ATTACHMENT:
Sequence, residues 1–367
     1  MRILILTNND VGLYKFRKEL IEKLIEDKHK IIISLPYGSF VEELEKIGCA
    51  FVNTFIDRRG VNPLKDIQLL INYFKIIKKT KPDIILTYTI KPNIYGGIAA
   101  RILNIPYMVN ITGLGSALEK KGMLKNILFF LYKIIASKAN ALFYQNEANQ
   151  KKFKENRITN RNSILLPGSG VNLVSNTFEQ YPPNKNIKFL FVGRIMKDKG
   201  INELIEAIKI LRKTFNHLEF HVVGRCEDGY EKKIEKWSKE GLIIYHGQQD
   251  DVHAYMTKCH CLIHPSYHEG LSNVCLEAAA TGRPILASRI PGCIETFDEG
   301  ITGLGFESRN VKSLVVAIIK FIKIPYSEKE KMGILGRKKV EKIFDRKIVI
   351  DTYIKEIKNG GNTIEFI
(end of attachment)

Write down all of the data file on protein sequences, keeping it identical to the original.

Sequence, residues 1–367
     1  MRILILTNND VGLYKFRKEL IEKLIEDKHK IIISLPYGSF VEELEKIGCA
    51  FVNTFIDRRG VNPLKDIQLL INYFKIIKKT KPDIILTYTI KPNIYGGIAA
   101  RILNIPYMVN ITGLGSALEK KGMLKNILFF LYKIIASKAN ALFYQNEANQ
   151  KKFKENRITN RNSILLPGSG VNLVSNTFEQ YPPNKNIKFL FVGRIMKDKG
   201  INELIEAIKI LRKTFNHLEF HVVGRCEDGY EKKIEKWSKE GLIIYHGQQD
   251  DVHAYMTKCH CLIHPSYHEG LSNVCLEAAA TGRPILASRI PGCIETFDEG
   301  ITGLGFESRN VKSLVVAIIK FIKIPYSEKE KMGILGRKKV EKIFDRKIVI
   351  DTYIKEIKNG GNTIEFI